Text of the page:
Muscle fatigue can impair a players response to dynamic disturbances in balance, placing them at risk of injury

The majority of football injuries occur in the last 15 minutes of each half, strongly implicating fatigue as a causative factor in football related injuries. The potential mechanisms for this increased risk of injury have not been well established. This study investigated the effects of football-simulated fatigue on neuromuscular function and dynamic balance response1.

Fifteen male players completed approximately 90 minutes of exercise using the modified Loughborough Intermittent Shuttle Test, a test designed to replication the rigors of a football match, or seated rest (control condition) on separate days. Maximal and explosive isometric knee flexion (KF) and knee extension (KE) voluntary torque were assessed pre-and post each activity. Maximal and explosive KF/KE ratios were then calculated. Centre of mass (COM) response to unexpected anterior and posterior platform perturbations of balance were also assessed pre-and post-condition.

Football-simulated fatigue resulted in reduced knee flexion (15%) and knee extension (12%) maximal torque, but was not found to reduce explosive torque of either muscle group, nor explosive knee flexion to knee extension ratio. Football-simulated fatigue resulted in impaired balance response (11% increase in COM displacement) to unexpected perturbation in the posterior but not the anterior direction.

It seems likely that impaired balance (as well as absolute muscle strength), may be contributory factors toward increased injury risk in the latter portion of football games. These findings likely highlight the influence of fatigue on sensory and proprioceptive processes and may encourage football clinicians to improve proprioceptive processes in a fatigued state for injury prevention.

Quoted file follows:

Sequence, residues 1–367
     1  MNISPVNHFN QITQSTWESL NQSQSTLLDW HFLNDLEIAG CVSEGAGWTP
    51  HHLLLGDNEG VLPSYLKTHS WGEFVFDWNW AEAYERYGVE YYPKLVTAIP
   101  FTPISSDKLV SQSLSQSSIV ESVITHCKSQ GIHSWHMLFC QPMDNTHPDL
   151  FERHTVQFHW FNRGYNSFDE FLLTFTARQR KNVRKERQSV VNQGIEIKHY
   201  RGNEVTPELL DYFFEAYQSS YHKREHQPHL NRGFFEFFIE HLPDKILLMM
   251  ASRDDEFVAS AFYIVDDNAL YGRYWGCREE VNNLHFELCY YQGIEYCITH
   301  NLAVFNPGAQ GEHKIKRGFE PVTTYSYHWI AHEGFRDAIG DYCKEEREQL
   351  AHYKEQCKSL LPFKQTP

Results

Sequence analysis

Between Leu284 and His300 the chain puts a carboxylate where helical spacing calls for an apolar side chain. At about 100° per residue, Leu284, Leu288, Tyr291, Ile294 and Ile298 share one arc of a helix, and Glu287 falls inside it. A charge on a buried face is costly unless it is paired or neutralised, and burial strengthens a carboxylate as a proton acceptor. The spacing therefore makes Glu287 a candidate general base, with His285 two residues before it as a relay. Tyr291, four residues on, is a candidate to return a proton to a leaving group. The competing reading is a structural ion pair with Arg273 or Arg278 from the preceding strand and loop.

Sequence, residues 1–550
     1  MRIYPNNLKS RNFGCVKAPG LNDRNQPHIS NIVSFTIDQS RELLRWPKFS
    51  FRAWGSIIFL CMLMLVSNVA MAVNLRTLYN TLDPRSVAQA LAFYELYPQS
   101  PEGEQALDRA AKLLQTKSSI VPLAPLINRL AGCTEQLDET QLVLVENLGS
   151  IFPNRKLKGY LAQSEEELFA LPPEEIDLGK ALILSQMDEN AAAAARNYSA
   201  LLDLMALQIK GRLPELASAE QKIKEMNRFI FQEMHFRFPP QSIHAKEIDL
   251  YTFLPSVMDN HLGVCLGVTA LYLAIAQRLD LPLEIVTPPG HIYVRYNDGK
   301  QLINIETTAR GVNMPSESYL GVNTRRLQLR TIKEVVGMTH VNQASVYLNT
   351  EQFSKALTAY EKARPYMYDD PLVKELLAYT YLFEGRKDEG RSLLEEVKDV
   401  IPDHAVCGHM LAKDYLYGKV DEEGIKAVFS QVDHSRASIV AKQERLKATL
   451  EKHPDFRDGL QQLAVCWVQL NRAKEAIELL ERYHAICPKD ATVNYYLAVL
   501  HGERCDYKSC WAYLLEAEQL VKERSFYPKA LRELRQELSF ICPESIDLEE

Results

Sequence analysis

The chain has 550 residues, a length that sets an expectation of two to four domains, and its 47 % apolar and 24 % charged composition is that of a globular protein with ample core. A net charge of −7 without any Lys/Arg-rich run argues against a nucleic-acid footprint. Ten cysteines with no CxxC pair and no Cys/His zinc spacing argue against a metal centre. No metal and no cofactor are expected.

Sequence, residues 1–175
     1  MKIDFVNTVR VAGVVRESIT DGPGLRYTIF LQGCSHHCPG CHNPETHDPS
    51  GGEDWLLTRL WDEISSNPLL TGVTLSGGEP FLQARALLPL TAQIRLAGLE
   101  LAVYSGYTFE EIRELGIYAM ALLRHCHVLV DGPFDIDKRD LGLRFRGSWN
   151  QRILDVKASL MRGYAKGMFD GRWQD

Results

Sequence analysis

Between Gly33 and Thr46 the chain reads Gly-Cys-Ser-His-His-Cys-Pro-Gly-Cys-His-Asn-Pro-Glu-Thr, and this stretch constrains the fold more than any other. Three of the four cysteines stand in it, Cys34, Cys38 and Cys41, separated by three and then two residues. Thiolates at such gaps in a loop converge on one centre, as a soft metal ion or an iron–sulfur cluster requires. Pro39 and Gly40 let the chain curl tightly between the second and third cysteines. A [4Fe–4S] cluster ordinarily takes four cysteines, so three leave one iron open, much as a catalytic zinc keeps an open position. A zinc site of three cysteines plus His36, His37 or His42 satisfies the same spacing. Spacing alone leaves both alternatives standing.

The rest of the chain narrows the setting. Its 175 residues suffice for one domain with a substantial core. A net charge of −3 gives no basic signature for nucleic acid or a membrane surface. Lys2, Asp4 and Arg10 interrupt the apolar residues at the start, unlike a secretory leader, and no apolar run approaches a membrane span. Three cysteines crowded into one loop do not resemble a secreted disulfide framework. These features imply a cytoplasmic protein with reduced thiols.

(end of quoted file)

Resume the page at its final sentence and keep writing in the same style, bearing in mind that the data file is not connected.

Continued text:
Thanks to the team at ASPETAR, Qatar Orthopaedic and Sports Medicine Hospital, for providing this FastFact. ASPETAR is a FIFA Medical Centre of Excellence based in Doha.

To learn more about injury prevention complete the Injury Prevention module in the FIFA Diploma in Football Medicine.

1Behan, F.P., Wills, S., Pain, M.T., Folland, J.P. (2018). Effects of football simulated fatigue on neuromuscular function and whole-body response to disturbances in balance. Scandinavian Journal of Medicine & Science in Sports. 28(12):2547-2557. DOI: 10.1111/sms.13261.


2 Comment threads
0 Thread replies
Most reacted comment
Hottest comment thread
1 Comment authors
Bangoura Recent comment authors
newest oldest most voted
Notify of

Les études nous indiquent que certaines blessures musculaires surviennent 15mn avant les mi temps. La fatigue le maître mot mais aussi une forte accumulation de l acide lactique. La perturbation au niveau des électrolyte mais aussi un déficit neuro MUSCULAIRE. Par exemple quand nous jouons dans les régions froides un très bon massage préparatoire à l effort est obligatoire et le travail du préparateur physique doit ère exceptionnel. Par contre quand nous jouons dans les régions chaudes avec l hypersudation entraînant une déshydratation les facteurs de lésions musculaires sont aussi fréquents. Le sportif doit boire sans soif. Au delà des… Read more »


HORIZONTAL BIPARTITE PATELLA L os BIPARTITE est un os compose de 2 os au lieu d un seul. C est une pathologie rare. A la naissance la rotule est composée de cartilage et de vaisseaux sanguins. Au fur et à mesure qu’ on grandit le cartilage se dilate et devient un os. La rotule BIPARTITE est assyptomatique. Mais c est au cours d un trauma du GENOU en réalisant l IRM ou la radio NUMÉRISÉE qu’ on se rend compte de la présence d une rotule BIPARTITE simulant une fracture de la rotule. Mais la BIPARTITE n a pas de… Read more »